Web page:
Federal law confers benefits on party committees at the local, state and national levels, but only groups meeting specific criteria may take advantage of those benefits. The benefits of political party status apply only to organizations that qualify as political parties.
While national committees are not entitled to the exempt party activities benefit, they have other advantages. They can make coordinated party expenditures on behalf of House, Senate and presidential nominees. Moreover, they enjoy higher limits on the contributions they raise than other committees.
Any organization that wants to become a political party should keep in mind unique regulations. First, national party committees may not accept or direct any funds outside the limits and prohibitions of federal law. Second, certain activity by state, district and local committees, termed federal election activity (FEA), is uniquely regulated. Third, party committees are restricted in how they may support certain tax exempt organizations.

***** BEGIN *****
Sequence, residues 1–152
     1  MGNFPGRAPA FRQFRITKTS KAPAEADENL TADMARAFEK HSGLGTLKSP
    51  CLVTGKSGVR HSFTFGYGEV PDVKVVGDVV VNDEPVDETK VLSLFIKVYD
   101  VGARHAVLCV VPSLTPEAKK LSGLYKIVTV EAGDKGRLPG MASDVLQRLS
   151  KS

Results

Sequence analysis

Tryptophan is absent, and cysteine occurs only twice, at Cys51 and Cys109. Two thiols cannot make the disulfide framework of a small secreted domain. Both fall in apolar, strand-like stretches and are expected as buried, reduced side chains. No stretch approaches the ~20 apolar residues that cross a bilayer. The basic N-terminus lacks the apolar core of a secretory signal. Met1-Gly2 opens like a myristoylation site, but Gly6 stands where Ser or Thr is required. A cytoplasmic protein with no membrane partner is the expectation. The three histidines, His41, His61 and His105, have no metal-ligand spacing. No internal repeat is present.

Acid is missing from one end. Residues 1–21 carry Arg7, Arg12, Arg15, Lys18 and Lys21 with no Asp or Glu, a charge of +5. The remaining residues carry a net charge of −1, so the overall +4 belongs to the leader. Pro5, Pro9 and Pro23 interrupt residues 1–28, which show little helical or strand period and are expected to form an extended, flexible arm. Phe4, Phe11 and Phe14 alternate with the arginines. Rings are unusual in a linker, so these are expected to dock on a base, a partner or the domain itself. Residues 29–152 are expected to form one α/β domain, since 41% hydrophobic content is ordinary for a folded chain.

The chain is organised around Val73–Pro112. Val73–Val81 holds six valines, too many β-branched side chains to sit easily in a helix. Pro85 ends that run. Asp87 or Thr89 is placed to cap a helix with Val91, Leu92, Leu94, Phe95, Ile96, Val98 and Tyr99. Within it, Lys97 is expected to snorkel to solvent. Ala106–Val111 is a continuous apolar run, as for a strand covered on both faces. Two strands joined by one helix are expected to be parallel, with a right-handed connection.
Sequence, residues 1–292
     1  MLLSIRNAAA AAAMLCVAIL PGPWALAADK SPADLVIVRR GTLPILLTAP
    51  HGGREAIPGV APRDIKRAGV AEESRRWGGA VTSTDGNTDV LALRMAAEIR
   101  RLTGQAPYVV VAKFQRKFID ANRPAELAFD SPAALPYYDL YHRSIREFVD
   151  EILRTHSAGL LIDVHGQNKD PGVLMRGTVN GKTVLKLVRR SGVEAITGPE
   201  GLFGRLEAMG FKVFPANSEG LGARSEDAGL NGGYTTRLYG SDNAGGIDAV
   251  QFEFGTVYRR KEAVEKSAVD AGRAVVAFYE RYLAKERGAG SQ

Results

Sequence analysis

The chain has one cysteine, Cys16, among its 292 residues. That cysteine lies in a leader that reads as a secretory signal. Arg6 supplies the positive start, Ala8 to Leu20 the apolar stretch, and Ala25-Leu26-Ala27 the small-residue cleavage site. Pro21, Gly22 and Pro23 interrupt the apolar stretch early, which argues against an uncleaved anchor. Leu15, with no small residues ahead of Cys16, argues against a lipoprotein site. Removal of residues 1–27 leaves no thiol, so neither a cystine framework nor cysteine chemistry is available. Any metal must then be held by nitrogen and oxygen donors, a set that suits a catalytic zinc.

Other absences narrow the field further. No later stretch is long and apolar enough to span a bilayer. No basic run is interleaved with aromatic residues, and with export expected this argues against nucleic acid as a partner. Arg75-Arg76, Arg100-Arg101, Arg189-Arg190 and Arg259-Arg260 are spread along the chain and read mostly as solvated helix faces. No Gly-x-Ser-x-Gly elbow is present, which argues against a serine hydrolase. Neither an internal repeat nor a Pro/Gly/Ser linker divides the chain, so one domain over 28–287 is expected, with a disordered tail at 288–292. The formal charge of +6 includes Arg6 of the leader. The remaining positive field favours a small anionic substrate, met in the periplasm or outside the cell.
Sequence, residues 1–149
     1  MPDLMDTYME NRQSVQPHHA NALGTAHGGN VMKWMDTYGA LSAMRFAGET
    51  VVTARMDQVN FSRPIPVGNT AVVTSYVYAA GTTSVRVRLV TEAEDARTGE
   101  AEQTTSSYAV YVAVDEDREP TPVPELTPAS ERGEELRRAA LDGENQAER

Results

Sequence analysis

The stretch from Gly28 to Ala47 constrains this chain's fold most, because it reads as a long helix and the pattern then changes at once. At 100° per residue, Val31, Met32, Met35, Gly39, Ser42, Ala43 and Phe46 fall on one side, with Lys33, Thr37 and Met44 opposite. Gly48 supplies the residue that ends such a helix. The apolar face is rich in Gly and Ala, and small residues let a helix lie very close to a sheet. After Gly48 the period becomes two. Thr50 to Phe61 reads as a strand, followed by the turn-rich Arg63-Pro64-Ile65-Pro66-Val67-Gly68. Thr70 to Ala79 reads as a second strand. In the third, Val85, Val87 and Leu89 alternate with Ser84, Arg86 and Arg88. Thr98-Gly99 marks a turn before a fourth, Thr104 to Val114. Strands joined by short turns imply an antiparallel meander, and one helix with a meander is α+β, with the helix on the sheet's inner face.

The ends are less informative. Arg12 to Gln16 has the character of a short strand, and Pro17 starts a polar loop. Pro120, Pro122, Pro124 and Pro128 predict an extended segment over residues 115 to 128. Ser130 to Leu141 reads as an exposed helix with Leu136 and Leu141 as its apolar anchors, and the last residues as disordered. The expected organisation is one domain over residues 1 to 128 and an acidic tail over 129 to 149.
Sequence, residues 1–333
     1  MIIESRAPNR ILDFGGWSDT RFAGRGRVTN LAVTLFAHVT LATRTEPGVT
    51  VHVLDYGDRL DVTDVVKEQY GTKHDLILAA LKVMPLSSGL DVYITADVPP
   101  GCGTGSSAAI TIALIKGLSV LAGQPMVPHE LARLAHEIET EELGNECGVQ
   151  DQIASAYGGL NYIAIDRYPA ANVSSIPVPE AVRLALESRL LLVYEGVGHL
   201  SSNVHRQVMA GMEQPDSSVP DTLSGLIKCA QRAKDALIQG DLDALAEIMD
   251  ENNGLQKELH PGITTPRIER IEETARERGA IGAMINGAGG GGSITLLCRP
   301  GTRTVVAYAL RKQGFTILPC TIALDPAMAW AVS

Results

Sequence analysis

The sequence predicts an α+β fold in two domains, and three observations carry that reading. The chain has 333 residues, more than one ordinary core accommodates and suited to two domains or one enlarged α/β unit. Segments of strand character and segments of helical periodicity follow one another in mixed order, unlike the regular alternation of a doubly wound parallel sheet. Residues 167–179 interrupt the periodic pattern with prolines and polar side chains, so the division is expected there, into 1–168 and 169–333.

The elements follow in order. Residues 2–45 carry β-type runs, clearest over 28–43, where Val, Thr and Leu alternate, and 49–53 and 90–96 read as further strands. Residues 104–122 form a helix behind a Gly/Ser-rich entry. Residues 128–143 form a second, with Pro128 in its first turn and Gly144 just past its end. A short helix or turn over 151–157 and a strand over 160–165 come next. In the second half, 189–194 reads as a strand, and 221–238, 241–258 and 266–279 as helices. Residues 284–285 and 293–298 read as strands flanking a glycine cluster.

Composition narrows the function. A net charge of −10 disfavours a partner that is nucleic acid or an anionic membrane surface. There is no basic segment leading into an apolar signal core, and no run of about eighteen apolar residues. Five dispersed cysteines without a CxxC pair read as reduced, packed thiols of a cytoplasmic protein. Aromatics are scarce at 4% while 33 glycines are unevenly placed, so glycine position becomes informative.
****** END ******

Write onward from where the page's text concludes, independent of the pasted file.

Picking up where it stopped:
The federal campaign finance law defines “political party” as a committee or organization whose nominated or selected candidates for federal office appear on the ballot as the party’s candidates. However, ballot access is governed by state law.
The laws in each state determine when a political organization qualifies as a “political party” entitled to have its candidates’ names appear as party-designated candidates on the general election ballot. While the laws differ from state to state, they generally all require a nonmajor party to demonstrate sufficient voter support—such as by filing a petition for party recognition signed by a representative number of voters—in order to qualify for ballot access in the general election. Moreover, the party must receive a sufficient number of votes in the election in order to sustain its qualified status.
In nearly all states, a party can achieve limited recognition as a political party for a specific general election by being named as the organization represented by the candidate in his or her nominating petition. Contact the Secretary of State’s office (or equivalent office) in each state for specific information on achieving political party status under state law.